One of the lessons from the euro crisis was that there is no longer such a thing as domestic policy in Europe. When the economy stagnates in France and pensions climb in Greece, it has consequences for everyone. The same is now true of Merkel's refugee policy. When she says that Germany's right to asylum has no upper limit, train stations in Vienna and Salzburg fill up and Hungary moves to build a razor-wire fence on its border with Serbia.
Merkel hopes that altruism can be infectious and that no European country can afford to continue standing by as refugees drown in the Mediterranean. Merkel has transformed the refugees into a gigantic political drama and has declared the crisis to be existential for the European Union. That was a mistake. Europe can't be allowed to break apart just because agreement can't be reached on the distribution of refugees.
A Small, Ugly Compromise
Merkel, of course, knows that, which is why her position has taken on an air of insolence. On Wednesday, European leaders will head to Brussels for a meeting to discuss the situation.
Indications are that a small, ugly compromise will emerge. It will encompass razor-wire fences, registration centers on Europe's external borders and money for countries like Lebanon and Turkey so that they might prevent refugees from heading westward in the first place.
And there will be a debate about Germany's basic right to asylum. Merkel says that one of the greatest challenges facing Europe in the coming years is that of agreeing on a unified, European right to asylum. But how should such a right look when countries like Hungary and the Czech Republic see providing shelter as little more than an act of mercy? Just as Germany was not able to create the euro in the exact image of the deutsche mark, Berlin will not be able to export its precise moral vision to the rest of Europe.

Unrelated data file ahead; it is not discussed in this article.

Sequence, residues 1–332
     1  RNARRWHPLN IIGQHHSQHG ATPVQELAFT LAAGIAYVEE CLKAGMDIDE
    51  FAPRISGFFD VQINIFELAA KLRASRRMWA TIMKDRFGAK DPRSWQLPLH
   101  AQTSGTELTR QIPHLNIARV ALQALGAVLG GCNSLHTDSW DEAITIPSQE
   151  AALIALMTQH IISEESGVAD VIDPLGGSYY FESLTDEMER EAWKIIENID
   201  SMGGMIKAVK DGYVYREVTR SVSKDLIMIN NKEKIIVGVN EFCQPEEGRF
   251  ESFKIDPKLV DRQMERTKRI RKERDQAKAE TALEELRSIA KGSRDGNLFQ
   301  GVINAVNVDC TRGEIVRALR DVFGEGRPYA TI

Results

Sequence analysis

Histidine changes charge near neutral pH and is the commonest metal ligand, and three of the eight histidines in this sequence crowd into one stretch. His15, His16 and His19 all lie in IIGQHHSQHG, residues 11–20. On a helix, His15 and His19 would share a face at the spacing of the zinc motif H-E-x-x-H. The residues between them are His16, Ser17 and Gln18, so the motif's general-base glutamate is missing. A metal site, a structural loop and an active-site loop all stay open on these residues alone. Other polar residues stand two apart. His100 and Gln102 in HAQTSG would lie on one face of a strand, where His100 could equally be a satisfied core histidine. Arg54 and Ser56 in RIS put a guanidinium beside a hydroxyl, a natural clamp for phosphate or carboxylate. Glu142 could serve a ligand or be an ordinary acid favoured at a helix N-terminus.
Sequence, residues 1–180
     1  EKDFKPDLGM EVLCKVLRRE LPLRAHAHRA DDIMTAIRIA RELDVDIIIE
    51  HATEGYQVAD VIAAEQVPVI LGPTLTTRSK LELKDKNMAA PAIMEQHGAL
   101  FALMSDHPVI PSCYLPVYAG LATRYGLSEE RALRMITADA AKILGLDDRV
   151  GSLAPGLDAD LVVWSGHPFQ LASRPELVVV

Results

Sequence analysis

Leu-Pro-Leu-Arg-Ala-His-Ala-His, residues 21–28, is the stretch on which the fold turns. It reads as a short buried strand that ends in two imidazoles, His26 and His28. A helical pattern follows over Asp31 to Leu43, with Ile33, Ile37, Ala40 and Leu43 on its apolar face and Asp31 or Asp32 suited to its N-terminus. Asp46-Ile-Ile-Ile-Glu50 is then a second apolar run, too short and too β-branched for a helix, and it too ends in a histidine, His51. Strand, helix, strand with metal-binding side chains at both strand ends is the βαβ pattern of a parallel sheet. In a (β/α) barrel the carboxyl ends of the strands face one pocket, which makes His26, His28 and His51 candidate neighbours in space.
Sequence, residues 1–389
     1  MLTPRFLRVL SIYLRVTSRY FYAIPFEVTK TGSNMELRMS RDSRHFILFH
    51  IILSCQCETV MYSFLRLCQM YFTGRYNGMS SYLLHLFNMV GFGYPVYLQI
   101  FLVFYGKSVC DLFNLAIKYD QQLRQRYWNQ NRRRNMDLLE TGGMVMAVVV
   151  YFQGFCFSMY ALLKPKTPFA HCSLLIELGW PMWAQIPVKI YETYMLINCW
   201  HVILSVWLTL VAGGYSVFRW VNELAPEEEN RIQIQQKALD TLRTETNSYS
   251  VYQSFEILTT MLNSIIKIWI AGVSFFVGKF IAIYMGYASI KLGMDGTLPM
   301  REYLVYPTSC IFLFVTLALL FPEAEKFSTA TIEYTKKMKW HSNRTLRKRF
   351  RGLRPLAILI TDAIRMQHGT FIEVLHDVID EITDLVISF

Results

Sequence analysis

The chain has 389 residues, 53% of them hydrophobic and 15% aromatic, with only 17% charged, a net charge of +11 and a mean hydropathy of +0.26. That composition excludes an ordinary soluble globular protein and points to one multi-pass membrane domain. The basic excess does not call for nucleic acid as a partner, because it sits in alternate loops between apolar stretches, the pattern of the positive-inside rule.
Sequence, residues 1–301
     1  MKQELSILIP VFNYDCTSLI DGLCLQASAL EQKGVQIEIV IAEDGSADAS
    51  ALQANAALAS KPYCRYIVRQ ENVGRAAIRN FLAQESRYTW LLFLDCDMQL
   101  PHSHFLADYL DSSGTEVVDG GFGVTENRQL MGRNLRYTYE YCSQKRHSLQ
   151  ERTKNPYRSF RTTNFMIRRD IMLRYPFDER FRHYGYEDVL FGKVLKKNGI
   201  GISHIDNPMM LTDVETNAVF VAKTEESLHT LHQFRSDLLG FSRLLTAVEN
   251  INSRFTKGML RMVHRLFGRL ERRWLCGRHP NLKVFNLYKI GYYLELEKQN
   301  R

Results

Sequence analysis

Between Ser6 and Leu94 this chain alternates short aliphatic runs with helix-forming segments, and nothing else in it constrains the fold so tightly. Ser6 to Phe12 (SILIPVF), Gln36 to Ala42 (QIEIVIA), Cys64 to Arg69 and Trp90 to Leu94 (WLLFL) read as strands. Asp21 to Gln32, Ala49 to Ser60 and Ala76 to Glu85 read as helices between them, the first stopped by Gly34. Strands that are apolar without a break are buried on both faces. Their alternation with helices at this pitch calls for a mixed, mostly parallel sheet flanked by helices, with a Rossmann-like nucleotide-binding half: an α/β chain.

Still, Merkel's brief summer of humaneness was not in vain. It shamed politicians whose first reflex was to explain why help, once again, could not be extended. It showed that it is possible to break with political routine and it encouraged all those Germans who, absent instruction and invitation, followed their human instincts and welcomed the refugees.
That will remain. It made an impression far beyond Germany's borders, also in countries that have reason to look at Germany with some degree of skepticism. Born of the Holocaust, Israel was created as a guarantee that Jews would never again have to travel around the world in the search of protection from their oppressors and murderers. But now, a debate has erupted there too as to whether the country has an obligation to take in Syrians, regardless of their religion. Prime Minister Benjamin Netanyahu has thus far categorically rejected the idea. But the Jewish historian Segev says: "We should learn from the Germans how to treat refugees."
By Nicola Abé, Melanie Amann, Hubert Gude, Peter Müller, Ralf Neukirch, René Pfister, Barbara Schmid, Christoph Schult, Holger Stark and Wolf Wiedmann-Schmidt